Five years earlier, King Vidor’s silent epic The Big Parade provided a blueprint for the scaled-up action of All Quiet on the Western Front, but it takes its time getting to the front, focusing instead on the relationship between Jim (John Gilbert), an idle American from a wealthy family, his working-class brothers-in-arms and Melisandre (Renée Adorée), the Frenchwoman they meet while training in the Marne. The extra time allows Vidor the opportunity to humanize the characters through slapstick shenanigans and the wordless romance between Jim and Melisandre, who share only the language of love. By the time the action shifts toward a harrowing march through the woods to confront the Germans, the human stakes couldn’t be higher, especially when Jim and his buddies are asked to leave a shellhole at night to quell the mortar fire of a German nest. They realize instantly that not all of them will survive until morning.
The ordering of suicide missions is a running theme in first world war movies, which often contrast the bravery of the rank-and-file with leaders who are either tragically wrong-headed or openly reckless in leading these lambs to the slaughter. Stanley Kubrick’s 1957 film Paths of Glory is about a French general who knowingly orders his division to a suicidal attack on a heavily fortified German “anthill”, then arbitrarily court-martials three men for cowardice when the first wave gets cut down and the second refuses to leave the trench. Kubrick presents the show trial that follows as the height of absurdity, mounted entirely as a face-saving measure for a general who’s seeking a promotion at the grunts’ expense. (Nearly half a century later, Jean-Pierre Jeunet’s A Very Long Engagement would pick up on a similar story of soldiers condemned for “self-mutilation”, though Jeunet and his Amélie star, Audrey Tautou, were more interested in romantic serendipity than anti-war sentiment.)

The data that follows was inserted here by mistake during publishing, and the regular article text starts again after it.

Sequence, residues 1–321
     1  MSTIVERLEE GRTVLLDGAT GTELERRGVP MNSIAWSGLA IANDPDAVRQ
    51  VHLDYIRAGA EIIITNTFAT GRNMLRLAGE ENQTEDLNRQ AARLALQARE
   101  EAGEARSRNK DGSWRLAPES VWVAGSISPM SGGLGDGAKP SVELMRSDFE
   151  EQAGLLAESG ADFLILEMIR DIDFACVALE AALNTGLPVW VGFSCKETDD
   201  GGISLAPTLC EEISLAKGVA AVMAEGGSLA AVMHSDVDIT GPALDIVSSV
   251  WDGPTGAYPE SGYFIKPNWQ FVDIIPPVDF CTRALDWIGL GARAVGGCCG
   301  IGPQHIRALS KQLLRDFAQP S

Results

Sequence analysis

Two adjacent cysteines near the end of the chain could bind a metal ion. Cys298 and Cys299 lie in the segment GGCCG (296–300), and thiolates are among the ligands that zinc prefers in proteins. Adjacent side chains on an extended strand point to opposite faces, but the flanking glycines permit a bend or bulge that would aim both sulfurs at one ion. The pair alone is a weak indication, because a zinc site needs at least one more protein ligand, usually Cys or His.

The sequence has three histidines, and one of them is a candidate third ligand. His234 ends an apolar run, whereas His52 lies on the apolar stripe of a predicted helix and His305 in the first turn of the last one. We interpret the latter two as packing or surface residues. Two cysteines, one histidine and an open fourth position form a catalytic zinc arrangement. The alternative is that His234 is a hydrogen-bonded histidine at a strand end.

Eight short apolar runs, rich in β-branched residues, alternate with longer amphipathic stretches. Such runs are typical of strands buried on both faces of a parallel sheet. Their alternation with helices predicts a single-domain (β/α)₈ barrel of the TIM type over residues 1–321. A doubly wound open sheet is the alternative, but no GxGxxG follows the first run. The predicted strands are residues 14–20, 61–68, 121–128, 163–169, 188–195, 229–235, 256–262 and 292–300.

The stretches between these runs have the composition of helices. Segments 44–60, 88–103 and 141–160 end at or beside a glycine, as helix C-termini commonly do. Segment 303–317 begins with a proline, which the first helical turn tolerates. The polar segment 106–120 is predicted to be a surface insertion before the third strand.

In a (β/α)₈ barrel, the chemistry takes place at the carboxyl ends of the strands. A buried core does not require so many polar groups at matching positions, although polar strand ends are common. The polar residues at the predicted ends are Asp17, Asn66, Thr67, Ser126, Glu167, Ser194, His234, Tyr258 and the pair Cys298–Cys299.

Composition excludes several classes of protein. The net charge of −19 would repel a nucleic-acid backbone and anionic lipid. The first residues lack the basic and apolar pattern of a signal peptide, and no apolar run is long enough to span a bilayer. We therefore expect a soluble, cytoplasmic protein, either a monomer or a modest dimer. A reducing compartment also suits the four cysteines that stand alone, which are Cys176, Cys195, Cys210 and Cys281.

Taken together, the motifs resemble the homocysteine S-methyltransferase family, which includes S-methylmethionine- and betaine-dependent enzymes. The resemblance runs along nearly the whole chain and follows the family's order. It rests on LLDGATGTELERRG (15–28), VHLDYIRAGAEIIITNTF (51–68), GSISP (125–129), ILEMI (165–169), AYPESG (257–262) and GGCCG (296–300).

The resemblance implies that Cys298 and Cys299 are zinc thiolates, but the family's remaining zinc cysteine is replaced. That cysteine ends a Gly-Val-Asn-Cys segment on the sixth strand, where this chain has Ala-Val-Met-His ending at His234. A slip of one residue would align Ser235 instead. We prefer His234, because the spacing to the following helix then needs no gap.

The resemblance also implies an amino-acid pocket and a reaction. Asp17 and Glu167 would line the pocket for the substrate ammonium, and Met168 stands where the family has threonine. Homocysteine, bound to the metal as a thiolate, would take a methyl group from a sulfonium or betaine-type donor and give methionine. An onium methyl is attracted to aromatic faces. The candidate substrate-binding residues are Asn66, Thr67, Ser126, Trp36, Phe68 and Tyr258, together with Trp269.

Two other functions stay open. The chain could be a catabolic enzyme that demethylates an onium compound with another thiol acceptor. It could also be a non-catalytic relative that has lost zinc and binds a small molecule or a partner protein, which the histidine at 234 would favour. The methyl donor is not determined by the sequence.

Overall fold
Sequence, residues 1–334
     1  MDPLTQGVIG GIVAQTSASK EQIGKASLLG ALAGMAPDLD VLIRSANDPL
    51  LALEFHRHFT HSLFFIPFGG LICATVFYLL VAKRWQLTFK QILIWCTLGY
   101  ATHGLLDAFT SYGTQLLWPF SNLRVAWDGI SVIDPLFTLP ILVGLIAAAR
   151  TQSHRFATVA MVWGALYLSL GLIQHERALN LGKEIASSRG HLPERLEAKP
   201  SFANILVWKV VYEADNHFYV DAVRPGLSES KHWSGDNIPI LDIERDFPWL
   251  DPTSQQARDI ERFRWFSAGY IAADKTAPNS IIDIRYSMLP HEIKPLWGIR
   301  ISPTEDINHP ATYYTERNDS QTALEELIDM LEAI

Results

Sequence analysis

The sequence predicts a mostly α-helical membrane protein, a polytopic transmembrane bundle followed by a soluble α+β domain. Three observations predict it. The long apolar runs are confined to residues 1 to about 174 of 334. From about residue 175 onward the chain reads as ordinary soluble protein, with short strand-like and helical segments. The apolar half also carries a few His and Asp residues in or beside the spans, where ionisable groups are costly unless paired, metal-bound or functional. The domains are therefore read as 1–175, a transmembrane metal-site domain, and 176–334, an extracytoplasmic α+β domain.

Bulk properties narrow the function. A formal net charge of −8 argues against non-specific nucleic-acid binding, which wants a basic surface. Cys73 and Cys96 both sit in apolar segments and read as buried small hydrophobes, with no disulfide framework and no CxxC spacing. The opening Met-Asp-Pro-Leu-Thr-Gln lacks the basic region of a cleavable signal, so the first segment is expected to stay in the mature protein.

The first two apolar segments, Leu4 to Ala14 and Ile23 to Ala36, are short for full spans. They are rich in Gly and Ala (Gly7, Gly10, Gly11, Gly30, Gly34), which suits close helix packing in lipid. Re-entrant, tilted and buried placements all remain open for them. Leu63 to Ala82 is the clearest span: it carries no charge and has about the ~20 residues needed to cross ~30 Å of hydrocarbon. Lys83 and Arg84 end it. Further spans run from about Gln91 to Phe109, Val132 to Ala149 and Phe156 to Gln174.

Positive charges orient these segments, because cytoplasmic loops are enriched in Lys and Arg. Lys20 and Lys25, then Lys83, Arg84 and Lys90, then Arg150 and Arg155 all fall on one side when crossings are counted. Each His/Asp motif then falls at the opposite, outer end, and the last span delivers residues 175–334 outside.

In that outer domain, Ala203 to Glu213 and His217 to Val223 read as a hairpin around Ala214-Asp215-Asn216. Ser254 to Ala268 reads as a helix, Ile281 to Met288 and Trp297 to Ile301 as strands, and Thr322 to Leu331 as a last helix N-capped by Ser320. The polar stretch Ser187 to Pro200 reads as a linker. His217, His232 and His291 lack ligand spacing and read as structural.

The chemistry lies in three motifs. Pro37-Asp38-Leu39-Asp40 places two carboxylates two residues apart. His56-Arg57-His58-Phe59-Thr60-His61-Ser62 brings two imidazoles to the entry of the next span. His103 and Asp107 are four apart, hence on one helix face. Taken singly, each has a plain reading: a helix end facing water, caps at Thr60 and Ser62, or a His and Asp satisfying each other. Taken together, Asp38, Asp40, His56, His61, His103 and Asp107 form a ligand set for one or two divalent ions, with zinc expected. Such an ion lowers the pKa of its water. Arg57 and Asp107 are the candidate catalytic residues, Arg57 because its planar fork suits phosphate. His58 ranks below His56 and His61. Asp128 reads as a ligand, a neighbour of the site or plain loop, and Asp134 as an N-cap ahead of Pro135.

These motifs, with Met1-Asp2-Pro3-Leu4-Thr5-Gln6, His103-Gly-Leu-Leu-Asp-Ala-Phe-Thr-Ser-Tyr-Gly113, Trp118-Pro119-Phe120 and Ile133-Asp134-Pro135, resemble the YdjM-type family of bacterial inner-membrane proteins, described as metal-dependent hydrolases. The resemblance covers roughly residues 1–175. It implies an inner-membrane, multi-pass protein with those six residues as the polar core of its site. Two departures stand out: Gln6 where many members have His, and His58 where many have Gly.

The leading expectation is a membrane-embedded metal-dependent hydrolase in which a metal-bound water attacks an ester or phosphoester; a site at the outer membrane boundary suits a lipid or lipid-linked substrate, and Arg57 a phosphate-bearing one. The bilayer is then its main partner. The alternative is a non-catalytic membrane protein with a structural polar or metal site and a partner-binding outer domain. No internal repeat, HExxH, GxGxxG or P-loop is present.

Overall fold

By contrast, Jean Renoir’s 1937 standard Grand Illusion comes around to an anti-war message through a subtler assessment of leaders on both sides of the conflict, whose class connections to each other run deeper than nationalist animosity. There are shades of The Great Escape to the story of French officers who politely yet insistently attempt to break free of the aristocratic German (Erich von Stroheim) who’s holding them captive. Yet the conditions for these prisoners of war aren’t exactly dire – they stage a rousing vaudeville-style performance in drag – and the conversation turns to a lament over Europe’s collapsing social order, which presages even more tragedy to come. What stands out in Grand Illusion is Renoir’s humane treatment of all parties: War is an unnatural state, stoked by a nationalist fervor that dissolves when people are in a room together.
Even a film as pitiless and lacerating as Paths of Glory comes to the same conclusion in its final moments, when French soldiers gather at an inn and start to heckle and catcall a frightened German woman as she sings The Faithful Hussar, only to respond deeply to her vulnerability. What’s touching about the great first world war movies is their attempt to find meaning in small acts of courage and friendships under duress, when a salvageable moment or relationship transcends the cynicism, chaos and death that defined the war itself.
As a documentary postscript to these films, Peter Jackson’s miraculous digital reclamation project, They Shall Not Grow Old, winds up reinforcing their observations with real testimony from the men who actually lived through it. Drawing images, footage, and audio from the Imperial War Museum and other sources – revivified further by advances in visual and sound effects – Jackson brings these old ghosts to life in a chorus of shared experience. The film is an emotional history rather than a record of important dates or key battles, full of specific memories and plainspoken laments. No one cared to hear from them when it mattered.